Round Ireland with a Fridge

by Tony Hawks
First sentence: “I’m not, by nature, a betting man.”
Support your local independent bookstore: buy it there!
Content: It’s sweary, both in English and Iris, and there’s a ton of drinking. It’d be in the creative non-fiction section of the bookstore if we had it.

A while back, I happened to be watching vlogbrothers, and John recommended this one, and I thought to myself “That is the sort of book I need to get me through some dull winter days.”

I was right.

The basic premise is this: Tony got super drunk one night and his friend bet him 100 pounds that Tony couldn’t hitchhike the circumference of Ireland carrying a fridge. (There are Reasons this got bet, but that’s really unimportant.) Tony, for whatever reason that I can’t remember now, decided that it was a good bet to try and accomplish. So, he set out to Ireland, picked himself up a small, white, minifridge and a dolly, and started hitchhiking.

The boon came from when someone (again, I’m not sure who) got him in contact with the Gerry Ryan Show, which was broadcast throughout Ireland on the radio. They were all so mystified by why Tony would do this, so Gerry decided to put out calls to help Tony out. I’m pretty sure without that support, this would have been an entirely different book.

As it is, it’s a delightful (if often stupid) read about a delightful (if often stupid) trip. Tony met lots and lots of people, had a good sense of humor about it all, and in the end realized that humanity (at least humanity 22 years ago) isn’t all that bad. It’s a ridiculous book about a ridiculous endeavor.

Which is to say: I really enjoyed it. Tony had me laughing out loud at parts, and it’s a truly delightful book to tell people about (“No seriously: the fridge went surfing!”). It does have a nice travel element to it, though it’s less about the landscape of Ireland and more about the people Tony meets. At any rate, it was a delightful romp to the Emerald Isle in the middle of a cold winter.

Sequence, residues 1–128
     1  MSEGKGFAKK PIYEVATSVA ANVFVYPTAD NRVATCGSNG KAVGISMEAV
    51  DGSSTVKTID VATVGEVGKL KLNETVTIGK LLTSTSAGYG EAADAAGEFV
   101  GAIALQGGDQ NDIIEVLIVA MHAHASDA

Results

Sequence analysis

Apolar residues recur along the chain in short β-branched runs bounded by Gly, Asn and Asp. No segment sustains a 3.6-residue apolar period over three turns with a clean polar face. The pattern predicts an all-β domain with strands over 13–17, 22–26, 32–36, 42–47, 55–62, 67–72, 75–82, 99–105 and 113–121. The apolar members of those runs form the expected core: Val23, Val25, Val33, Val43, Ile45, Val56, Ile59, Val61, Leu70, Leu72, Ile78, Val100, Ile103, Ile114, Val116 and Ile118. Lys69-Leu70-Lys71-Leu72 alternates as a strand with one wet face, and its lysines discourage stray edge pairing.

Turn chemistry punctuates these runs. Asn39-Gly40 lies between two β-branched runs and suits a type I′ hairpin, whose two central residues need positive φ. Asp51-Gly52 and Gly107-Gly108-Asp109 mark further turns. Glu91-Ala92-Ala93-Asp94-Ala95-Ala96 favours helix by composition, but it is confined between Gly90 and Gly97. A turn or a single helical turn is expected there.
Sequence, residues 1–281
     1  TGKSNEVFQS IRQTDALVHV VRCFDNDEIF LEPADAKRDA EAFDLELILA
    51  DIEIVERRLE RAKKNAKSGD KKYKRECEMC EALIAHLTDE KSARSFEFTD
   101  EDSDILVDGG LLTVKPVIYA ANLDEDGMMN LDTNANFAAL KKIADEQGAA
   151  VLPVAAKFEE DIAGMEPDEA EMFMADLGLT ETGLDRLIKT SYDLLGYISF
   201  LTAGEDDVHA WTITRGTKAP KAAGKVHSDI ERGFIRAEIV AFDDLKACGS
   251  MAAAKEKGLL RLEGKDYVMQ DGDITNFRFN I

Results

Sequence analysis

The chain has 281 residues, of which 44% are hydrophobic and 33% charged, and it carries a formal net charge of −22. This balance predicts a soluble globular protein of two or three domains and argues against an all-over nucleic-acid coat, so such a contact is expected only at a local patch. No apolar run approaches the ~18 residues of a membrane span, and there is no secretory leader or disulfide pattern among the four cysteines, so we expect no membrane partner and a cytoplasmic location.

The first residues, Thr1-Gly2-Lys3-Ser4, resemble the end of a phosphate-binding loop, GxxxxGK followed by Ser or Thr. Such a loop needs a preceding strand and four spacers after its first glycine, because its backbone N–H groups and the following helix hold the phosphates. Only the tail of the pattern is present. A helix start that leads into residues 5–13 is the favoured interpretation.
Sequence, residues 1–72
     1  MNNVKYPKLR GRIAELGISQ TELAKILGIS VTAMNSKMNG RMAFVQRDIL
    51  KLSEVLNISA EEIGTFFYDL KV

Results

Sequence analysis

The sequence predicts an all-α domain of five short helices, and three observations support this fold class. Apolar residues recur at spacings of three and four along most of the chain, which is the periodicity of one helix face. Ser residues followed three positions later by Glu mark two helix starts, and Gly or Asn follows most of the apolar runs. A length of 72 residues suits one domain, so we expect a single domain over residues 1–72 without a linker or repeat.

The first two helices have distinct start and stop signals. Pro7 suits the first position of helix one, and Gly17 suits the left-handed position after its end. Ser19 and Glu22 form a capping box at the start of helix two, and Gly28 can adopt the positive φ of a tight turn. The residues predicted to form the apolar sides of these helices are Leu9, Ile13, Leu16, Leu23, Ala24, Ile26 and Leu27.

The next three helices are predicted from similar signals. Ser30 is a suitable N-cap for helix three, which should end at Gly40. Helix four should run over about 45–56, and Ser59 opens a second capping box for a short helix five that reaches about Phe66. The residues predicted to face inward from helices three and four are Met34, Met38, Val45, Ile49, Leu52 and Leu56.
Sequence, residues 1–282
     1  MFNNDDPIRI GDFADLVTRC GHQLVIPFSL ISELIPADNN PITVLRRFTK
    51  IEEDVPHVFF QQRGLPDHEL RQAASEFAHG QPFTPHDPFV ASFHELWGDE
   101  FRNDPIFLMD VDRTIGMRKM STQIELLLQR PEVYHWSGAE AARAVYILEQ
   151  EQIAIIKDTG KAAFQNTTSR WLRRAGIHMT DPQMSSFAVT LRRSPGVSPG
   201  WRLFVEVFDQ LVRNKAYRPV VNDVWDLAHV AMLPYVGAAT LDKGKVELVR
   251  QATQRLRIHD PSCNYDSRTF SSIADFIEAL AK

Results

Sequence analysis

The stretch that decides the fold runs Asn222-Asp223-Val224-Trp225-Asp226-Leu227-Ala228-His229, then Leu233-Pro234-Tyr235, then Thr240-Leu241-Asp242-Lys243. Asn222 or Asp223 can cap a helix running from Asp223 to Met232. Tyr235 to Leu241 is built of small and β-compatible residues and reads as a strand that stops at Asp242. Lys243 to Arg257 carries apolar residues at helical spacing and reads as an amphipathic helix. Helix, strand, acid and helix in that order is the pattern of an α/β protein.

Love & Luck

by Jenna Evans Welch
First sentence: “Dear Heartbroken, What do you picture when you imagine traveling through Ireland?”
Support your local independent bookstore: buy it there!
Review copy provided by the publisher.
Content: There is some sexual harassment and mild swearing. It is in the YA section (grades 6-8) of the bookstore.

Addie has been looking forward to the end-of-summer trip to her aunt’s wedding in Ireland. Mostly because she’s going to pop over to Italy afterward (to see Lina from Love & Gelato) but also because it will get her away from the boy who dumped her after their secret summer relationship. She is planning on sitting in the sun and eating gelato and forgetting.

Except, her other brother, Ian (who was supposed to go with Addie to Italy) has other plans: he’s hooked up with an internet friend, Rowan, and they’re going to go on a band-themed road trip in Ireland ending up at the last concert of their favorite band. Addie’s WAY against this (since their parents don’t know), but is convinced to let them drop her off at the airport. But… the car breaks down, the traffic is bad, and she misses her flight. And suddenly, she’s on a road trip with a boy she barely knows and a brother she’s barely speaking to.

I expected this to be a light, fluffy romance, but Welch delivered something… different. Sure there was a small bit of romance, but mostly the book was about bad decisions and healing and forgiveness. It’s a bit much to go into here, but I liked Welch’s descriptions of the sibling relationships, and how hard it is to find out who you are in the middle of a big, boisterous (and loving) family. (It was nice that the parents were actually good parents, too!) I liked the cheesy “travel guide” that is quoted throughout the book, as well; even though it was often corny, there were some good thoughts in it, and yes, it did make me want to go see Ireland.

It wasn’t what I was expecting, but I really liked it.